This popular exercise targets the quadriceps. It is useful for sports involving running, kicking or jumping. The leg extension is suitable for beginners and advanced, and can be done at home or in a gym, depending on which variant you use. Because it is usually performed sitting on a special piece of equipment, this exercise does not require the same balance as the squat and lunge exercises. That can be an advantage in some circumstances, such as in rehabilitation programs where balance can be an issue, but it does make the leg extension less useful for athletes who want a challenge for balance and stability in their exercise.
Sit on a leg extension machine: the backs of the knees against the edge of the seat and the knee joints aligned with the top of the lift bar between your legs. The rollers at the end of the lift bar should be just above the front of the ankles. Push against the leg rest and raise the legs until they are straight; the torso remains upright and the feet point forward. Move back slowly; repeat.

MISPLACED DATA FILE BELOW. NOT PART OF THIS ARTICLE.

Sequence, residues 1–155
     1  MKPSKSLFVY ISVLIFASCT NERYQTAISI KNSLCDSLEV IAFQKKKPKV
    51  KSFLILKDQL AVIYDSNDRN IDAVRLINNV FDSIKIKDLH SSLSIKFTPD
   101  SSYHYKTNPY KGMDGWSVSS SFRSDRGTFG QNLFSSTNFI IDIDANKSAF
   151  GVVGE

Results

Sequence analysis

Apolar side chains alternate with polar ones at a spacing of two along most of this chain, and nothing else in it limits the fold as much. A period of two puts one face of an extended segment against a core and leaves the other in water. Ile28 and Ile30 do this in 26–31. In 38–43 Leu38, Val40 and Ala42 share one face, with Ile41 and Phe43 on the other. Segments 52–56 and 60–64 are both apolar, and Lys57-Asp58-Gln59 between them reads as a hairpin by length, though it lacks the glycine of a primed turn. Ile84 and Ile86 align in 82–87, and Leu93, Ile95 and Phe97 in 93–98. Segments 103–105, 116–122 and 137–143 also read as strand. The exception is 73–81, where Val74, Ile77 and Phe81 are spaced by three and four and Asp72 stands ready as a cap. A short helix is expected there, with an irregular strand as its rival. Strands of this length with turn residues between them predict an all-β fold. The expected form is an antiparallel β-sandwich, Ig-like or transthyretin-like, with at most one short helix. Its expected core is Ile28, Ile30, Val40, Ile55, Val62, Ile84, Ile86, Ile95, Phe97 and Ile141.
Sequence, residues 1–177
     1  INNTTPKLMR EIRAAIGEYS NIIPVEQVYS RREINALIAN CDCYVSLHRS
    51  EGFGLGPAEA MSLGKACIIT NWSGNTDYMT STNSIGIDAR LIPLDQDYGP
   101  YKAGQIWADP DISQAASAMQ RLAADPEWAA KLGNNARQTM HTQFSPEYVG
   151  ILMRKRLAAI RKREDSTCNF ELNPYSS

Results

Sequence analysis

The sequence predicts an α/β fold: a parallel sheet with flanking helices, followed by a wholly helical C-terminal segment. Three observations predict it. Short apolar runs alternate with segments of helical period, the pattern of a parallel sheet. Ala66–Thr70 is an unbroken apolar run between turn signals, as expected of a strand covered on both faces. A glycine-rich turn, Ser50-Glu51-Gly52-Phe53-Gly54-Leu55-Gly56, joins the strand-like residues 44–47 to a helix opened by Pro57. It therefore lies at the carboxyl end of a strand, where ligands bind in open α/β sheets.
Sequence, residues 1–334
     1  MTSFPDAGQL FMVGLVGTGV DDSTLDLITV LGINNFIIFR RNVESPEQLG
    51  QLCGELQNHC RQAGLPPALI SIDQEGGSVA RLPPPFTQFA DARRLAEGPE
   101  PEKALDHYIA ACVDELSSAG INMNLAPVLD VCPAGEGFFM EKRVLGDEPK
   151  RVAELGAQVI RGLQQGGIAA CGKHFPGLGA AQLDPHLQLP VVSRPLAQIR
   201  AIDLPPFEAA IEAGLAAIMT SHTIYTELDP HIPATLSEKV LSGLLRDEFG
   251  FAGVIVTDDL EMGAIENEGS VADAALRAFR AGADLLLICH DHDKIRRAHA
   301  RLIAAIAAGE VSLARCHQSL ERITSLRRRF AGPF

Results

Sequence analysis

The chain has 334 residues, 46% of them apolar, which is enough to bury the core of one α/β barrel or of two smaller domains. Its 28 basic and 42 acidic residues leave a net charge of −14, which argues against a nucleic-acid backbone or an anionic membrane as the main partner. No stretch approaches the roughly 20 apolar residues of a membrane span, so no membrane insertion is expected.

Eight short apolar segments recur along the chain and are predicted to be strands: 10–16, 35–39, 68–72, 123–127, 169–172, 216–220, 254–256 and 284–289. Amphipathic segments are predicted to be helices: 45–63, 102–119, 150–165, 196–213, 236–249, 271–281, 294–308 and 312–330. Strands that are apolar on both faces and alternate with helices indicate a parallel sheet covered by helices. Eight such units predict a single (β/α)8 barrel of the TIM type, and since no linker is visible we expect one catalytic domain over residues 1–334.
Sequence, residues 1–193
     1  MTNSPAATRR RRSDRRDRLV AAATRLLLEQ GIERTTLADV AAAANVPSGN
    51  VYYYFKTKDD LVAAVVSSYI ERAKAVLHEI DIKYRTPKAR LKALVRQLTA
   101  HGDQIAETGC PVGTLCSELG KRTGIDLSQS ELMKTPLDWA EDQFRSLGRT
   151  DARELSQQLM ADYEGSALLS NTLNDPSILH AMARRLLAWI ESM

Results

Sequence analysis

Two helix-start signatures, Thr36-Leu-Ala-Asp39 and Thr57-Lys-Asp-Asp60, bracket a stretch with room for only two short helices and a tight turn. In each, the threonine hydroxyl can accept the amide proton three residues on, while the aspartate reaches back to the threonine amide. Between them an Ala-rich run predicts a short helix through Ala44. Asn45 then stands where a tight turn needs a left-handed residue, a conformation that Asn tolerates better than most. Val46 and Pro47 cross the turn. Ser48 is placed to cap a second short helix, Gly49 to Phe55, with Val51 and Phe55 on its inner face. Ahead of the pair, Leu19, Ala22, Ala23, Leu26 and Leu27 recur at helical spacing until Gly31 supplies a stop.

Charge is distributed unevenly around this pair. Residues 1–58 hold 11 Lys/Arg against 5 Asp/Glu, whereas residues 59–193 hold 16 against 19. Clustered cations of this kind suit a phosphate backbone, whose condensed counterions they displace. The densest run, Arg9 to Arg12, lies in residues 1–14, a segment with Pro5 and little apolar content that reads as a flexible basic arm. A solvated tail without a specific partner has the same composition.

Do it well
Straighten the legs until they are completely straight. Slowly lower them, keeping the torso straight throughout the exercise.
Do not lower the legs too quickly. Hull straight.
Use ankle weights and do the exercise sitting on a chair or sturdy table. Attach a weight just above the ankle of each leg. If you use a chair, it should be high enough that the feet do not touch the floor when you lower the legs back to the starting position. Make sure to keep your torso upright throughout the exercise.
Take the added challenge of eccentric overload when moving the weight down, one leg at a time. Do the standard exercise by using both legs to lift the weight until both legs are straight. Then resist the downward force of the weight with only one leg. Repeat with each leg.
- Vastus intermedius (onder rectus femoris)
- Vastus lateralis
- Rectus femoris
- Vastus medialis